Reconstructing Social Norms – Inside Out

web-tile1-326x158This article was first published in the PPTA News – Nov/Dec 2015

Inside Out is a new video-based learning resource to help increase understanding and support the teaching and acceptance of gender and sexuality diversity.

With funding from the Ministry of Social Development, the resource has been a collaborative project between RainbowYOUTH, Core Education, University of Auckland and Curative. The videos feature a wide range of New Zealanders with diverse genders and sexualities.

The resource has been launched across New Zealand in the past few months with events being hosted in Auckland, Dunedin, Wellington, Nelson, Hamilton and Whangarei, with more to come. Alongside these launch events, professional development workshops have been offered targeting teachers that might use the resource in their classrooms.

The resource is aligned with the objectives of the health curriculum including fostering healthy communities, sexual health, sexuality education, interpersonal skills and attitudes. It will help teachers and schools in implementing the new Sexuality Education Guidelines released earlier this year.

The pedagogical approach of Inside Out is based around critical thinking and norm-challenging.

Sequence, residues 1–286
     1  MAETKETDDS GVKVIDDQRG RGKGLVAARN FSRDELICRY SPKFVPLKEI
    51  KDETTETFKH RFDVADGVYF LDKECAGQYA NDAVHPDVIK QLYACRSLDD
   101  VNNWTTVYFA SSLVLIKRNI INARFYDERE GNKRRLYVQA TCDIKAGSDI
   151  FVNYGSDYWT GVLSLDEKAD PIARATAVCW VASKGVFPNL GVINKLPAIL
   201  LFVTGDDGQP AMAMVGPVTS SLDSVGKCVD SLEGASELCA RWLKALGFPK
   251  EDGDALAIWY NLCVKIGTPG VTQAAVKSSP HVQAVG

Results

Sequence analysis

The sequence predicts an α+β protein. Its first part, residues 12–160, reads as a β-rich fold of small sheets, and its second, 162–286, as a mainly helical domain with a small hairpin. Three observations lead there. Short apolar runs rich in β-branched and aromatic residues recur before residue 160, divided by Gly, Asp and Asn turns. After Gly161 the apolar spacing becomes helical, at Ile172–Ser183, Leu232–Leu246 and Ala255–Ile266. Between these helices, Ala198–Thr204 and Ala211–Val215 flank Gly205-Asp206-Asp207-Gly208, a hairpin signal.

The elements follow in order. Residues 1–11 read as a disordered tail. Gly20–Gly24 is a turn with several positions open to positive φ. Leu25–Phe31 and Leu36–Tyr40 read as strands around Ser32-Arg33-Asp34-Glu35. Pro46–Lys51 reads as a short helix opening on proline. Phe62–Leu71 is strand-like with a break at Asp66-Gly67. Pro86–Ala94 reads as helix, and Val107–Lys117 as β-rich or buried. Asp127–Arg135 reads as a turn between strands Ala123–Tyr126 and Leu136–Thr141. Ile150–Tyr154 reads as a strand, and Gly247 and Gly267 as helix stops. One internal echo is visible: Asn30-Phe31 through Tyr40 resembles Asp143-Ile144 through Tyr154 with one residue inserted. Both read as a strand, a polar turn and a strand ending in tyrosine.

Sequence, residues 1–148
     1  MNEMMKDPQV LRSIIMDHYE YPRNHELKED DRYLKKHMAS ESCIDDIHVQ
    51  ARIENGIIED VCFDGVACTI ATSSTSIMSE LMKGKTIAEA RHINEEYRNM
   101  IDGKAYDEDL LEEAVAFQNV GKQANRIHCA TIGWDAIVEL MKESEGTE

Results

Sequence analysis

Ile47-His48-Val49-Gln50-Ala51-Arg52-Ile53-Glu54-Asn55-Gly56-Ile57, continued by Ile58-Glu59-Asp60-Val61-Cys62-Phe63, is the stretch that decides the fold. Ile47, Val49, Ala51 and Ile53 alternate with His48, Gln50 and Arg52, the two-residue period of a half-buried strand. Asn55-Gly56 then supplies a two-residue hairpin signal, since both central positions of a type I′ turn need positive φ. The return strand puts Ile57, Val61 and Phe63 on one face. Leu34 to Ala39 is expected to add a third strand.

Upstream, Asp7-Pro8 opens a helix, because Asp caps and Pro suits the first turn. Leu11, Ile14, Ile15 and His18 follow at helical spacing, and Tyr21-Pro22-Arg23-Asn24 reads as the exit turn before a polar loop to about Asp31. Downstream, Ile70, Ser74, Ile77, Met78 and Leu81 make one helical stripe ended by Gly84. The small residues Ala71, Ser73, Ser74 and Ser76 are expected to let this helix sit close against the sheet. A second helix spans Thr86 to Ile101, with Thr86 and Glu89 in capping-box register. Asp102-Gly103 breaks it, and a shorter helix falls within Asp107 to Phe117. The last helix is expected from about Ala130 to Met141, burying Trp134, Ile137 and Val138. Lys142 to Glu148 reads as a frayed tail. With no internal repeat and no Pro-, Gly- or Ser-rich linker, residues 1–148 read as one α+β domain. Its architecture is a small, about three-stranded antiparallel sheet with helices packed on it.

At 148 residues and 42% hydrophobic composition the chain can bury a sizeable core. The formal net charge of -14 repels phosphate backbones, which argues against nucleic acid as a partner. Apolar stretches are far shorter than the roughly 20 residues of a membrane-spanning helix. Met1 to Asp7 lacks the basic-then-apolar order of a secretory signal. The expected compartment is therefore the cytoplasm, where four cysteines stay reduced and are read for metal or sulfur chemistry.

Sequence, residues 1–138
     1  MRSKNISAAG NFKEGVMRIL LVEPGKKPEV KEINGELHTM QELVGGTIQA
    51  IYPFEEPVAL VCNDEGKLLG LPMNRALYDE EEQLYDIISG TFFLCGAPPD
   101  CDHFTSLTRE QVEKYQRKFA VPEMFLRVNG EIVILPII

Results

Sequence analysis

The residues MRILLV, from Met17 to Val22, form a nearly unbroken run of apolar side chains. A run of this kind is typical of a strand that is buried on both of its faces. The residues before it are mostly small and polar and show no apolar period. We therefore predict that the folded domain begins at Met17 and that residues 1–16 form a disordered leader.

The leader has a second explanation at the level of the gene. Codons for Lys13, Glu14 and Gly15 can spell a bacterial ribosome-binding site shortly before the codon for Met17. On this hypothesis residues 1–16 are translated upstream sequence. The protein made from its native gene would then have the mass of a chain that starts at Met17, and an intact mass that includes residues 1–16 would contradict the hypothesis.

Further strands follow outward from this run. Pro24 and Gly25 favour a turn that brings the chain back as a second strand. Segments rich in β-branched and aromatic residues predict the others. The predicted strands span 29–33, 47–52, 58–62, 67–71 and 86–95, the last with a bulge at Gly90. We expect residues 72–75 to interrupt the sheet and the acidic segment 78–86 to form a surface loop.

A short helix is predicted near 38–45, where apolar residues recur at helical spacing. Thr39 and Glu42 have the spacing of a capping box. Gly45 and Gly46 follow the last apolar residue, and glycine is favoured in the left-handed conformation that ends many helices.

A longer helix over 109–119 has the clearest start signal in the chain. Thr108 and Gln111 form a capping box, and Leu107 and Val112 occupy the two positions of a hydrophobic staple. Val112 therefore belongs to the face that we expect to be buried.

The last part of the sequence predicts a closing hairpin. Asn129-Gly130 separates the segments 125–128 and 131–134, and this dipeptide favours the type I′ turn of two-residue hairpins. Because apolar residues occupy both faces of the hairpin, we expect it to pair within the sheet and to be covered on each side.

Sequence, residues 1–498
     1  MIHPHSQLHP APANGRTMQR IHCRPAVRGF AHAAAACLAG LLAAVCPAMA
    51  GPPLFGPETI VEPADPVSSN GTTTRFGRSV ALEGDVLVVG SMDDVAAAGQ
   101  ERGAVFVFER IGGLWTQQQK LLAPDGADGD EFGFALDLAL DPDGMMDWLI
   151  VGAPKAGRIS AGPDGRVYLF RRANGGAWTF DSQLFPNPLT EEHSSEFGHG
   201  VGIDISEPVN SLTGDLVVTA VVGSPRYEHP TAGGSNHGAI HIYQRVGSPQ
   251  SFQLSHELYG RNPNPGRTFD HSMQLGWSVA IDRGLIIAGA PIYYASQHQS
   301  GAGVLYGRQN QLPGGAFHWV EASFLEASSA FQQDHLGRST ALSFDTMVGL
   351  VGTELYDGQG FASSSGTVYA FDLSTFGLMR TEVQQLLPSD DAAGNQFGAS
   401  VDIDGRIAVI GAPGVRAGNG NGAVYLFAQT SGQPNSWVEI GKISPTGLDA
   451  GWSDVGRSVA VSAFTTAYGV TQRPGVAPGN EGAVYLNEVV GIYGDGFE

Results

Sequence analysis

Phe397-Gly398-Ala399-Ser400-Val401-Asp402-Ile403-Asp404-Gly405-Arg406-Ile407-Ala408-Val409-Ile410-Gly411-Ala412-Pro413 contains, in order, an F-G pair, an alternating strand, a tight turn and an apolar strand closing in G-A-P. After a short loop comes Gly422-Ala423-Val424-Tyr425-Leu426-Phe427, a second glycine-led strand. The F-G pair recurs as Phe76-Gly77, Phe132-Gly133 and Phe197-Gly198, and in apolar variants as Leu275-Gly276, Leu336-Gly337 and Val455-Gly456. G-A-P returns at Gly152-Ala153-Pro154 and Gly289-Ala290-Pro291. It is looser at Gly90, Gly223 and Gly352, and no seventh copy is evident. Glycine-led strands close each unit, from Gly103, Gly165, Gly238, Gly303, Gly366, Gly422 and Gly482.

Social ‘norms’ are constructed over time and determine what is considered normal, natural and desirable as well what is not. As the notes for the resource says “while not all norms are problematic, norms that construct other diverse sex, gender and sexual identities as ‘abnormal’ and ‘undesirable’ are the basis for transphobia and homophobia.” The resource is about challenging these norms and constructing new norms that affirm diversity.

In turn, the approach will help students to critically consider the world around them and build empathy.

The resource is freely available online with different formats that target years 7-8 and years 9-13. Accompanying lesson resources, class discussion prompts, and glossaries will help to deliver the content and make teachers more confident with the material.

The importance of teaching this content is captured by the tagline for Inside Out: “we all belong”. Schools can be difficult places for students with diverse genders and sexulities. Teaching our students to celebrate diversity and accept one another is an important part of making our schools and communities safer for all.

– Jerome Cargill – PPTA Rainbow Taskforce Member

Inside Out and InsideOUT

A small amount of confusion may exist around the apparent cross over between Inside Out and InsideOUT. To clarify: InsideOUT is a national organisation working to make schools and communities safer for young people of diverse sexualities, sexes and genders. They work alongside young people to set up queer straight alliance/diversity groups in schools and run awareness campaigns like the Day of Silence. Inside Out is video-based teaching resource discussed in this article. It’s a case of ‘great minds think alike’ and both have an important role in making our schools and communities safer.

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